I tend to change hardware a lot — with certain exceptions. My fickleness has tapered a little, but I still like to experiment with new-old machines. For reference, or just to show off, this is the hardware I’m using now.

These will change from time to time, and I’ll try to keep updating this page, rather than adding posts. There’s generally no note of operating systems, because everything is probably running some shade of Ubuntu, Crux or Arch, and that can change from day to day.

Oh, and one last thing — I am exceptionally uninventive when it comes to machine names: I christen each one with the serial number off the bottom. Boring, huh? :|

IBM Thinkpad X60s: lv-a8280

  • Intel Core Duo (Yonah) CPU L2300 @ 1.50 GHz
  • 3Gb PC2-5300 memory
  • Intel Graphics Media Accelerator 950
  • Japanese keyboard
  • 320GB 7200rpm Hitachi hard drive HTS725032A9A364
  • 3x USB2.0 ports, two right and one left
  • 1024×768 XGA LCD
  • AD1981HD HD Audio 1.0 controller

For a long time I was keeping a family heirloom 1Ghz machine as a high-end complement to the lower-end computers I prefer. The problem is that 1Ghz is in and of itself a rather low-end computer any more. For what I needed it for — compiling and building surrogate systems — 1Ghz was a bit underkill.

So after a long and rather uneventful search I decided to bring home this machine, and I have yet to regret it. It has more than enough speed for my requirements, without becoming something overwhelming and needy. No oddball screen dimensions, no world-crushing video card and no power-sucking CPU.

At the same time it’s sleek and small, with a footprint just slightly narrower than the Pentium machine I use daily. Best of all, it’s 100 percent Linux-friendly, with nothing yet that requires a fight to set up. Exactly what I wanted. Yes, I picked it because it’s a Thinkpad, but that rule hasn’t failed me yet.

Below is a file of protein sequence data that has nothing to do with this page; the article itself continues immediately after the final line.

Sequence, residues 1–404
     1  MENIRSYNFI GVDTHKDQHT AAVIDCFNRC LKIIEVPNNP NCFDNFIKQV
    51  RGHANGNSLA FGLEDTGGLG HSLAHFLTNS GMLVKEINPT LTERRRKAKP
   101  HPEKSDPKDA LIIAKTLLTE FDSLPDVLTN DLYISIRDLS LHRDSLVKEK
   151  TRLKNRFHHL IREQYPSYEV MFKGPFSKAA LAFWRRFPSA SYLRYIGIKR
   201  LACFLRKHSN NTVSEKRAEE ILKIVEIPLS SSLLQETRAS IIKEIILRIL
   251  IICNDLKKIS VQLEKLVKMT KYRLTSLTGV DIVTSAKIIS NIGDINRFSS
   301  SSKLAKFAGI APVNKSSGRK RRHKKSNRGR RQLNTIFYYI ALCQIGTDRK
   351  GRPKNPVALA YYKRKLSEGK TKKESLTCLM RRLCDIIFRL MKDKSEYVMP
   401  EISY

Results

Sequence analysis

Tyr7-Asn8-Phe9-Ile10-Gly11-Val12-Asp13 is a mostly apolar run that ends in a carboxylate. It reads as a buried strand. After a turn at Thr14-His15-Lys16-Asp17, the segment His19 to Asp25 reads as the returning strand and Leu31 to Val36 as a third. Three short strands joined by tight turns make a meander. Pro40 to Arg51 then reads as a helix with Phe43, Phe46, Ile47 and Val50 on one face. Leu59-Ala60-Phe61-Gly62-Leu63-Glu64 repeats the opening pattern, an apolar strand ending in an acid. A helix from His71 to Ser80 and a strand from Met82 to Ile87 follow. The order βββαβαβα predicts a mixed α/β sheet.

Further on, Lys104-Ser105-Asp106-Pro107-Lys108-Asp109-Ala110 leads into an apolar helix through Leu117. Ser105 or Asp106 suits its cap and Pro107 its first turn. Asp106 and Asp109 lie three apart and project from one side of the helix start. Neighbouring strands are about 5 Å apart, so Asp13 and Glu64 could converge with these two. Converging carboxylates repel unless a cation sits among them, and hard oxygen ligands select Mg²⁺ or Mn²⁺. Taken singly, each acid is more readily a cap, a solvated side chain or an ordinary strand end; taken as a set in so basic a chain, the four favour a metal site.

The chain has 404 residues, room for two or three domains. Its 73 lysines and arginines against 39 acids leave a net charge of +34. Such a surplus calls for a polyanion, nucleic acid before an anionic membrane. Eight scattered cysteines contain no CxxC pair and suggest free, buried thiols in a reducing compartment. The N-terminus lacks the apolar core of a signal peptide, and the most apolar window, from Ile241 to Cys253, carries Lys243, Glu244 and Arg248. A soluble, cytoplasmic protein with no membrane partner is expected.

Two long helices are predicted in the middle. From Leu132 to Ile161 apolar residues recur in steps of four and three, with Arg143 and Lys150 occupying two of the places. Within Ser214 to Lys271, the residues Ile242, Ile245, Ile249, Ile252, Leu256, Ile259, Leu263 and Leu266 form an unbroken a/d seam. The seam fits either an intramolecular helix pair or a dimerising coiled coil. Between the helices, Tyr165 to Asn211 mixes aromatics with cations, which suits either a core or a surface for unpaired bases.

I would be comfortable recommending this machine to anyone who wants a very small laptop that’s not a netbook, and still wants some power behind it. Standard-style parts and components, easy on your electric bill and no inconveniences of waiting for Linux to catch up with the hardware. It’s not a gaming machine, that’s for sure, but it will handle most anything you throw at it and not suffer for being a few years old already.

Sharp Mebius MN-340-001: mn-340-001

  • 150Mhz Intel Pentium MMX processor
  • Intel 430TX chipset
  • 32Mb PC66
  • 2Gb Hitachi MK2104MA hard drive
  • 2Mb Trident Cyber9385 video card
  • One USB1.1 port, rear
  • Matsushita UJDA110 20X CDROM
  • National Semiconductor PC87306 floppy drive
  • Japanese keyboard
  • ESS ES1869 sound card
  • O2 Micro PCMCIA CardBus

This is another miracle of the recycling shops here. For another lousy US$10 I got a machine that really steps well beyond its era in terms of processor power, and picks up a lot of the frills and amenities usually associated with the Pentium II generation.

What that means though, is that it becomes a powerful and flexible i586 machine, with the ability to tackle full-size CDROMs, CardBus network cards and even USB1.1 hardware. In many ways this is a perfect machine to experiment on, because at its core it is obsolete while it’s peripherals are still up-to-date.

I haven’t had this long, but if you see one, I would highly recommend grabbing it, no matter what condition it’s in. Late-model machines with still-common peripherals means the kind of oddball testing and probing that I do daily are still possible, without making off-the-wall sacrifices or crazy, Rube-Goldberg solutions. For day-to-day use, I don’t really like the keyboard layout and the screen on this one is a little weak, but both of those things will just require a little adjustment on my part.